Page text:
|Judgments - Regina v. Director of Public Prosecutions Ex Parte Kebeline and Others (On Appeal From a Divisional Court of The Queens Bench Division)
If s.16A is, on the existing principles of statutory construction compatible with the Convention, the defendants' ground for applying for judicial review falls away. The point is fully arguable within the criminal trial and any resultant appeal and the Crown Court or the Court of Appeal will give effect to s.16A so construed. If, on the other hand, s.16A is irretrievably incompatible, as the Divisional Court held that it was, the defendants' application again cannot succeed. Whether the Human Rights Act has come into force or not the position remains the same. The incompatibility does not deprive s.16A of its force and validity nor does it affect the criminal trial or any convictions resulting from the application of s.16A. The defendants' guilt or innocence has to be determined in accordance with s.16A. All this Lord Lester had to and did accept.
Lord Lester submitted that once the Human Rights Act comes into force, an additional and more potent principle of statutory construction will come into play. S.3(1) of the Act provides:
He submits that this provision will enable s.16A to be construed so as not to impose any burden of proof upon the defendants. This, he submits, will retrospectively render invalid any conviction based upon a direction to the jury that s.16A(3) does impose such a burden and that any convictions would then have to be set aside.
Whether this argument materially advances his submission is clearly open to contrary argument. Neither s.6 nor s.7 is retrospective; nor is, for that matter, s.3, as Lord Lester's argument recognises. It is therefore difficult to maintain that the prosecution and trial of the defendants in accordance with s.16A has involved any unlawful conduct or will do so or will provide them with any ground for having any convictions resulting from their trial quashed.
There are further arguable points: whether s.16A is incompatible with the Convention and whether all the defendants would properly be described as "victims" of any breach of the Convention. That these are arguable points can be illustrated by reference to the case of Bates v. United Kingdom (Application 26280/95) where the Commission declined to admit a complaint that s.5(5) of the Dangerous Dogs Act 1991 infringed the Convention even though it provided that "if in any proceedings it is alleged by the prosecution that a dog is one to which [the Act] applies, it shall be presumed that it is such a dog unless the contrary is shown by the accused by such evidence as the court considers sufficient; and . . . he has given . . .notice of his intention to do so ..." This made the mere allegation suffice to impose on the defendant in a criminal trial the burden of disproving the allegation. He was guilty unless he proved his innocence; he might be convicted on the civil burden of proof even though the court was not sure that he might not be innocent. However the Commission following earlier decisions of the Court in Salabiaku (A.141-A) and Pham Hoang (A.243) did not regard the provision as objectionable. The provision was of a type that fell within reasonable limits. It gave the defendant an opportunity to adduce evidence to disprove the allegation. The defendant had failed at his trial to take advantage of that opportunity.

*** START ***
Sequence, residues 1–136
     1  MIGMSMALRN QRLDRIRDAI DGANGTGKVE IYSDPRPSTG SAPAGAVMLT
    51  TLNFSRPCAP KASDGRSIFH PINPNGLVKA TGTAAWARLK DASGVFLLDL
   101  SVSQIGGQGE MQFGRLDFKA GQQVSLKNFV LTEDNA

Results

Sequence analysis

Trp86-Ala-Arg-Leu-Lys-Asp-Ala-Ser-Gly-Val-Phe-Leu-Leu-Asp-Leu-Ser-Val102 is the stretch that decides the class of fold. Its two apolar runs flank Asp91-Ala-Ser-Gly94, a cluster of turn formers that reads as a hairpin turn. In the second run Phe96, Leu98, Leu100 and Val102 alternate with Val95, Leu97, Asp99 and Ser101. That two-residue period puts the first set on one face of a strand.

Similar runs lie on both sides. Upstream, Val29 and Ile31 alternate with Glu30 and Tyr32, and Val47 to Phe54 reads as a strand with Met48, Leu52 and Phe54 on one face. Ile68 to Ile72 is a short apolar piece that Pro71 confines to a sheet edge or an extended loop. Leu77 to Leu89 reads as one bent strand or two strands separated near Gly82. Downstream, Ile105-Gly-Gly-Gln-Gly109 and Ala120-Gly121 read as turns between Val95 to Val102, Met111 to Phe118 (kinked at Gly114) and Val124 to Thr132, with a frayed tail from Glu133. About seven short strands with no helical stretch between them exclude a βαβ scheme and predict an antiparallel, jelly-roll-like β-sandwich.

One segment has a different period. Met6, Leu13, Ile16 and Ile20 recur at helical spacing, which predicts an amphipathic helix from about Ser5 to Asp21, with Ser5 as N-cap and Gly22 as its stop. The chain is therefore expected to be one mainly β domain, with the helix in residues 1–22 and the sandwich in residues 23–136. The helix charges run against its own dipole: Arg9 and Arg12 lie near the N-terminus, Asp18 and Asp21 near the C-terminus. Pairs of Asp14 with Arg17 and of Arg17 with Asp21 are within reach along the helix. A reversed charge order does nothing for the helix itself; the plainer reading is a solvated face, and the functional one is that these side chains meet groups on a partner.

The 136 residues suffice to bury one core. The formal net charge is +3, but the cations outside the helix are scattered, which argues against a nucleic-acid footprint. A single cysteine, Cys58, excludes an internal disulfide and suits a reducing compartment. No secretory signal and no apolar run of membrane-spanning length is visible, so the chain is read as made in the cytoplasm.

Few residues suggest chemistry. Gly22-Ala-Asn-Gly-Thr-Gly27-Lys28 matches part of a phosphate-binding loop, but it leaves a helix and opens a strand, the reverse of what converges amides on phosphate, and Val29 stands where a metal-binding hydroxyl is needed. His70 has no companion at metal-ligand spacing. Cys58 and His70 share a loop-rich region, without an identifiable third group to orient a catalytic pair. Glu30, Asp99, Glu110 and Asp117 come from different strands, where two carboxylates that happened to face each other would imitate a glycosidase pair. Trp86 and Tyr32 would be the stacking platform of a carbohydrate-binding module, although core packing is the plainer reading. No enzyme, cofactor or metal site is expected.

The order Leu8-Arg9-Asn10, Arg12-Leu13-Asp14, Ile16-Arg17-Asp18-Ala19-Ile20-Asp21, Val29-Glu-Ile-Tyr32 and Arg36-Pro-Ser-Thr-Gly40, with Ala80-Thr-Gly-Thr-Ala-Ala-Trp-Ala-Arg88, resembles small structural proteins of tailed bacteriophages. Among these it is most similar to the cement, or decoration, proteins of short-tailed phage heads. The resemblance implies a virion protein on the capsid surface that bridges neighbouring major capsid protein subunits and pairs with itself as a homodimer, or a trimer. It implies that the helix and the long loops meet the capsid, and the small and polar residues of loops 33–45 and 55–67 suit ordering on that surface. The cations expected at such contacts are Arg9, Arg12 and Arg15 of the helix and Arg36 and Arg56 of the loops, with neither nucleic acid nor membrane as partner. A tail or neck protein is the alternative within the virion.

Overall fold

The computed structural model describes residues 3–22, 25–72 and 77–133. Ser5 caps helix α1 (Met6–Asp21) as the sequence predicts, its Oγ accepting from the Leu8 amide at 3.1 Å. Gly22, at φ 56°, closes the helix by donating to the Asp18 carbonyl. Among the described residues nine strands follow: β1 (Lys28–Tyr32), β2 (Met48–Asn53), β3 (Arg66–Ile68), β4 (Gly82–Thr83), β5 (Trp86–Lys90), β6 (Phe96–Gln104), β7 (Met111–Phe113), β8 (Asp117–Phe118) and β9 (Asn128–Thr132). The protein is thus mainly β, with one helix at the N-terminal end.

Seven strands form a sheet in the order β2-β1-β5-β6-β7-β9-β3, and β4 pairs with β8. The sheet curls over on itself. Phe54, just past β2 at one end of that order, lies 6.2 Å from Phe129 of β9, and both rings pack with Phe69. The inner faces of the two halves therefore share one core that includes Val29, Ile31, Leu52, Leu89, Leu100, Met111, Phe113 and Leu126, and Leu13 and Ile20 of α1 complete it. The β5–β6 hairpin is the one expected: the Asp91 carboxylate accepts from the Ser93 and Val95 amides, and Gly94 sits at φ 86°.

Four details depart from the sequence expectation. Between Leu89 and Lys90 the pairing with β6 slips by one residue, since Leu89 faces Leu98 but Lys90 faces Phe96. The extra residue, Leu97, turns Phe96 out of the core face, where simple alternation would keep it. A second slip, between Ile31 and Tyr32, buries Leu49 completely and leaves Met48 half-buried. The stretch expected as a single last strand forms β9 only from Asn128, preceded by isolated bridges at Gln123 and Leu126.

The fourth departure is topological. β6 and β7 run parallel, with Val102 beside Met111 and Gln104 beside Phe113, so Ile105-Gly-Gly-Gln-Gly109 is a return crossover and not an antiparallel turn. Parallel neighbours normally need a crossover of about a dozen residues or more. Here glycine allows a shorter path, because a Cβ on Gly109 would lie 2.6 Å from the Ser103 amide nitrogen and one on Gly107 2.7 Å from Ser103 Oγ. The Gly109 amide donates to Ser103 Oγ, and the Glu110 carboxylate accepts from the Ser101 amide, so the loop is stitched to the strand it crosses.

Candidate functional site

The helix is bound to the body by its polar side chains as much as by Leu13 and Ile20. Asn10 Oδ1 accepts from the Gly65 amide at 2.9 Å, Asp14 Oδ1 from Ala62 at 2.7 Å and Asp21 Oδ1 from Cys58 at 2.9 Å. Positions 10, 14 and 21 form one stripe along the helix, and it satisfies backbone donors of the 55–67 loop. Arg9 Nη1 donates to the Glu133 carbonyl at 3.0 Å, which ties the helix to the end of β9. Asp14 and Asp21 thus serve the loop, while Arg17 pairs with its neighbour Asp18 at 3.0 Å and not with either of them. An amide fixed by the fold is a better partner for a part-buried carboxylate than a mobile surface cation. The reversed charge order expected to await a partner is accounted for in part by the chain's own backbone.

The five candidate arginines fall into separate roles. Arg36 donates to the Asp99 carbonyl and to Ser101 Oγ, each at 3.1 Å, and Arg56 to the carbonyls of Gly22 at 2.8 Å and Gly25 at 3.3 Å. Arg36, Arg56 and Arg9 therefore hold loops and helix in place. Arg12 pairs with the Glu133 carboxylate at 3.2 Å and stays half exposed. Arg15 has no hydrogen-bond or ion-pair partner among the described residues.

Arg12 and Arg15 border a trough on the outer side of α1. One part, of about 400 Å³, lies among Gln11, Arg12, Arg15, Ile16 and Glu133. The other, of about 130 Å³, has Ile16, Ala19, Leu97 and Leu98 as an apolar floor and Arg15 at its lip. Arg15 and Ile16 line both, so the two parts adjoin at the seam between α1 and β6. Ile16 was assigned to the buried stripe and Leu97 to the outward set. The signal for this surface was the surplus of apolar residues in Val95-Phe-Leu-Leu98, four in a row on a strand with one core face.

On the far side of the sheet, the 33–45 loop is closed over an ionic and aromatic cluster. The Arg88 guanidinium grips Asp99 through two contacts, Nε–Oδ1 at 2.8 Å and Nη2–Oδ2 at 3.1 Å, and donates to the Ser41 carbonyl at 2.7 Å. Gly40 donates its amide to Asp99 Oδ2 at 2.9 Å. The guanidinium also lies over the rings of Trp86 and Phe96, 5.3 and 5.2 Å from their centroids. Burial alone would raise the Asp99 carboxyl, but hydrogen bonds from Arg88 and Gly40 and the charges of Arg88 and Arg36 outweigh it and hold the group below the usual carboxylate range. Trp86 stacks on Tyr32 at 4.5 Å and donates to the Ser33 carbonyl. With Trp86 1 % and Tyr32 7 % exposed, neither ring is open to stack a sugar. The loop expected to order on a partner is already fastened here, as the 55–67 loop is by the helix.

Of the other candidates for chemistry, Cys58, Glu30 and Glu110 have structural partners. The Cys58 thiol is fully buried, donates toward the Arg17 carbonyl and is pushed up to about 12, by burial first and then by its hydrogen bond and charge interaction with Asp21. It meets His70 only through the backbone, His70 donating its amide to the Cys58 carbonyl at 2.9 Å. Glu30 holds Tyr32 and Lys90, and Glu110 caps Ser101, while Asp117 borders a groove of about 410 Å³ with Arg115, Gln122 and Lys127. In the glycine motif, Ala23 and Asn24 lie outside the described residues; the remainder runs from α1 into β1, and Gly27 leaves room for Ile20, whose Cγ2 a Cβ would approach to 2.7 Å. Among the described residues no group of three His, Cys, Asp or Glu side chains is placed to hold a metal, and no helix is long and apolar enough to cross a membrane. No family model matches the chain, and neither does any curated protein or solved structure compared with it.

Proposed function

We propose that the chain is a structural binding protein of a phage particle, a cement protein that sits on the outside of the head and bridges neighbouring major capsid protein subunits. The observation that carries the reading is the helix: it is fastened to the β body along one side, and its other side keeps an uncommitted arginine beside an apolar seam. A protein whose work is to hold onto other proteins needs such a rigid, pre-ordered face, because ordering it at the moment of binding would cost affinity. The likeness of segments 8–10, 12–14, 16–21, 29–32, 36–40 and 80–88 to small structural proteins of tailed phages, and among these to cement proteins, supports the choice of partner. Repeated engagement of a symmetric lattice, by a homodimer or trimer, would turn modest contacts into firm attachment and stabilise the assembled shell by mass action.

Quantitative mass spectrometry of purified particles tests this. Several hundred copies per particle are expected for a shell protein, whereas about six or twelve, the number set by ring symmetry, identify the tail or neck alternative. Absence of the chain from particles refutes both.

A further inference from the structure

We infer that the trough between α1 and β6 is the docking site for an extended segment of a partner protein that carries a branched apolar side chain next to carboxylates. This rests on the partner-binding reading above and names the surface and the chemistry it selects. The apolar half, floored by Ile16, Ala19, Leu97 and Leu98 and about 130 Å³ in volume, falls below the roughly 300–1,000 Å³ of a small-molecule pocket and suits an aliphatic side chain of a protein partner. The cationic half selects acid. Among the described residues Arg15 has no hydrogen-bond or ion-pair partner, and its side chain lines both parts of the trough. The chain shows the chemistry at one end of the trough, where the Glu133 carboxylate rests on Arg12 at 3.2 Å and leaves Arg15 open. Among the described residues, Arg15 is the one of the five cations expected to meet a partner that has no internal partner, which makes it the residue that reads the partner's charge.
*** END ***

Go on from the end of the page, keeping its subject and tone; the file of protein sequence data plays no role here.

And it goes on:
This case and other similar cases decided under the Convention show that it is necessary to examine each case on its merits. There may be a justification for the terms in which the legislation is drafted even though on its face it would appear to be contrary to the Convention. Similarly, it is necessary to examine whether the relevant provision has in fact resulted in an injustice to the complainant. This last point ties in with the use in s.7(1) of the Human Rights Act of the term "victim". Criminal statutes which in certain circumstances partially reverse the burden of proof are not uncommon nor are they confined to the United Kingdom. The judgments and decisions of the European Court of Human Rights and the Commission (account of which must be taken under s.2 of the Act) show that they are not necessarily incompatible with the Convention. Such a need to look beyond the bare words of the statute is also borne out by what Lord Woolf said in Lee Kwong-kut  A.C. 951, 969 concerning the identification of the essential criminality which the prosecution must prove and the justification for requiring the defendant to prove that he comes within an exception to it. These are difficult concepts and, indeed, his approach may have been more stringent than is required under the European Convention. For myself, I am not presently persuaded that the approach advocated by Professor Glanville Williams in his article at 1988 C.L.J.261 is the right one. Similarly there are clearly arguable questions as to the breadth to be ascribed to the construction of statutes which will be required of the courts by s.3(1).
These are not matters which it is necessary or proper to enter upon on the present appeal. If they need at some later stage, in the Crown Court or elsewhere, to be decided in relation to these defendants or any of them under s.16A, that is the time at which they should be decided. The position is not as clear cut as the Divisional Court seem to have thought nor is it right that these proceedings by way of the attempted judicial review of the Director's conduct should be used as a vehicle for their decision now.
I agree that the Appeal should be allowed as proposed by your Lordships.
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